Did a Liberal Campaign Make an Issue of Opponent’s Non-Mom Status or Did Ricochet Botch a Story?

Oh God, this is needlessly complicated. Deep breath and here we go:

Oh God, this is needlessly complicated.

Deep breath and here we go:

1. Ricochet, the crowd-funded and explicitly left-leaning news site, is publishing profiles of key battleground ridings. First up: University-Rosedale in Toronto, where the Liberals are running Chrystia Freeland against the NDP’s Jennifer Hollett. Buried in this profile is a shocking paragraph:

Dana O’Born, Freeland’s campaign manager, spoke to Ricochet by telephone earlier this month. She said the Freeland campaign plans to run on family issues among others, and will highlight the fact that Hollett is not a mother, while Freeland is a mother of three.

2. Glen McGregor of the Ottawa Citizen pulled that nasty bit for a post of his own, essentially aggregating the Ricochet story while throwing shade on it for being “unverified.”  In fact, Ricochet says they did verify it, with editor Ethan Cox calling Dana O’Born to fact-check the comment. Cox says O’Born verified that she had indeed made the comment, and Ricochet stands by the piece. McGregor updated his post with Cox’s defense and with a more expansive statement from Dana O’Born, which he presented as a denial.

3.  Here’s that statement. Let’s read it carefully:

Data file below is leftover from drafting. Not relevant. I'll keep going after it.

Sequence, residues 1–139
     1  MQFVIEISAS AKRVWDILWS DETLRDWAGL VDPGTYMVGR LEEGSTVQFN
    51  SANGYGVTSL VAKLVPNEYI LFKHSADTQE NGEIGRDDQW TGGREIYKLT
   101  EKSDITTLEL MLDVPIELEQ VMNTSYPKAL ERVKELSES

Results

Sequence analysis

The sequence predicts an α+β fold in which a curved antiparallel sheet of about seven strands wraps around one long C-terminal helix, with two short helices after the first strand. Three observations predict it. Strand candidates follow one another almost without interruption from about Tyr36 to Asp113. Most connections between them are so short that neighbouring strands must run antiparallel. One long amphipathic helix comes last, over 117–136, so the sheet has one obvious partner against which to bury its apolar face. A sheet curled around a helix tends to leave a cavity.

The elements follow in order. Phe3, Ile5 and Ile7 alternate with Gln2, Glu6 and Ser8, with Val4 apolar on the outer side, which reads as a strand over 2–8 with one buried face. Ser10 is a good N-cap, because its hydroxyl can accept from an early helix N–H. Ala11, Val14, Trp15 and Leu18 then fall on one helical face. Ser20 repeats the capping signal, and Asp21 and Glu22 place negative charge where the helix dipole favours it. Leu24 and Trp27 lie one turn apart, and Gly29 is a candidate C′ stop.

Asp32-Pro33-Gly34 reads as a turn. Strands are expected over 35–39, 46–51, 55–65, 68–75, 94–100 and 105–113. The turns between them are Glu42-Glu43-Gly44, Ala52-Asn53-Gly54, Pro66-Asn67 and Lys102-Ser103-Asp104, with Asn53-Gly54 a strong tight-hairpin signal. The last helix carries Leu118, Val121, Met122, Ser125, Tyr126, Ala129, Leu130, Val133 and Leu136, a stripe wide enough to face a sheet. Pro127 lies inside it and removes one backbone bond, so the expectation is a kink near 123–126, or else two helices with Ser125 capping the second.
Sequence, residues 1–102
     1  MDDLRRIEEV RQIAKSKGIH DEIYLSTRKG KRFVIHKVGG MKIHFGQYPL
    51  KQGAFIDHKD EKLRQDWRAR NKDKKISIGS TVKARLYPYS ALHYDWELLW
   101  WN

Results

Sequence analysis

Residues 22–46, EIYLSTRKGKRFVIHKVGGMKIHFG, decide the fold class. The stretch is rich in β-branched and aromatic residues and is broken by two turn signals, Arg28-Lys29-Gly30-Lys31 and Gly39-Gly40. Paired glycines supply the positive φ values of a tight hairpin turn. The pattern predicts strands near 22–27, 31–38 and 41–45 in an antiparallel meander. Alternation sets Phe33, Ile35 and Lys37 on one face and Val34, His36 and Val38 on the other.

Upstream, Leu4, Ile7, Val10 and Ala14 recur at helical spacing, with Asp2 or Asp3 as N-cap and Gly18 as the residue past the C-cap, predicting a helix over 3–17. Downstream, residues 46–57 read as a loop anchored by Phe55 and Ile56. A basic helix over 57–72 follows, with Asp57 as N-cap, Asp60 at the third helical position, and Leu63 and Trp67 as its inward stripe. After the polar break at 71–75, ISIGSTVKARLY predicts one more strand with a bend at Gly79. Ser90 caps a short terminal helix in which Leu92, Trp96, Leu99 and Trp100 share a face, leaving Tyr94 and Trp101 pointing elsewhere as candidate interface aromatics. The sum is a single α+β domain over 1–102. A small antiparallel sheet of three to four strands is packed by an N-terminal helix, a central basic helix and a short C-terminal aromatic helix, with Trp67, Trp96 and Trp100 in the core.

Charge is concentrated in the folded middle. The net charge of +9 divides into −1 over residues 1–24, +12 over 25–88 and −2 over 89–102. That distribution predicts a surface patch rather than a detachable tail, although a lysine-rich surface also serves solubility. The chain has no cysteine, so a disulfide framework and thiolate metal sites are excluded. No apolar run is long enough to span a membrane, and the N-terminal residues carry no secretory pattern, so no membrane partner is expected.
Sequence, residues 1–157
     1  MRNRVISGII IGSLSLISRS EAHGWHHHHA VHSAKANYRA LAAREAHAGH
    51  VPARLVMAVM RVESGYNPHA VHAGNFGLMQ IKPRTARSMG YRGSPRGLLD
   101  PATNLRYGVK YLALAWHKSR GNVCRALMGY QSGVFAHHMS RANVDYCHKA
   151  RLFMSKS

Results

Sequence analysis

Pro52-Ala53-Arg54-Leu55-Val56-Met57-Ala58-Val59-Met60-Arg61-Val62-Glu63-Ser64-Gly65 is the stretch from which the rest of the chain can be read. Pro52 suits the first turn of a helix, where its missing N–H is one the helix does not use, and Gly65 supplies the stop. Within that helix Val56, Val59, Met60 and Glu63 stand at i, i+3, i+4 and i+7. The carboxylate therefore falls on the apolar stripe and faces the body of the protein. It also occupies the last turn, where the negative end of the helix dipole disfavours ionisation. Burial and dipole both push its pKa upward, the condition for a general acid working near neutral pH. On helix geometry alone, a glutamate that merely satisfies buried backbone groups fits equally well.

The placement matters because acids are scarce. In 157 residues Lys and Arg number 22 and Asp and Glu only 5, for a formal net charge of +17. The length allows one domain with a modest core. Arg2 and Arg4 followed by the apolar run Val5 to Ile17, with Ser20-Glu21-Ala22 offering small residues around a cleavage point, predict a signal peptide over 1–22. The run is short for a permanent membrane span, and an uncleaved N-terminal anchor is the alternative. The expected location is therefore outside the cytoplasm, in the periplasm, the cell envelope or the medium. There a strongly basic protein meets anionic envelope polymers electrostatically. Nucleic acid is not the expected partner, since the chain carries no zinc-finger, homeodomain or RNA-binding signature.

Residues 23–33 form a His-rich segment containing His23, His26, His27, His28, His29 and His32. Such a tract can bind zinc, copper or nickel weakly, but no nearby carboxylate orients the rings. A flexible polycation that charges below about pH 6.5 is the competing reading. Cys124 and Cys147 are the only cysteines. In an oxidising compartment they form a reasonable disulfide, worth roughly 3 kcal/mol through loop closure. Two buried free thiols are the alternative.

“In my conversation with Ricochet Media, I listed a number of aspects from Chrystia’s biography, which included the fact that she is a mother. In no way did this comment have anything to do with the other candidates.

When Mr. Cox called me this afternoon, I strongly denied that the campaign would ever focus any other candidate’s family status.”

You might read that and think that Dana O’Born is denying that she ever brought up Jennifer Hollett not having kids. But she isn’t. When she writes: “in no way did this comment have anything to do with the other candidates,” the comment she’s referring to is the one where she brought up Freeland being a mom. It is entirely possible, based on her statement, that O’Born did  bring up Hollett as a non-mom in a separate comment, which she is simply avoiding making any reference to.

In other words, this reads to me like an evasive and carefully-worded non-denial denial. i.e. “Did you eat that pie?” “How dare you! I would never eat a cake!”

I could be totally off with this, but if so, it would be pretty easy to clear up. O’Born could simply say that she never raised Jennifer Hollett’s parental status in any way. But that’s not included in her statement.

UPDATE: Dana O’Born has explicitly denied raising the issue. Here is our email exchange:


I am writing a post about the Ricochet story and need to quickly speak with you. 
I’ll be publishing soon, but will update the post with your comment should you call. 
Jesse Brown

Hi Jesse,

Thank you for getting in touch. Here is my comment:

“To be absolutely clear — I did not and would never make the comments being wrongly attributed to me.”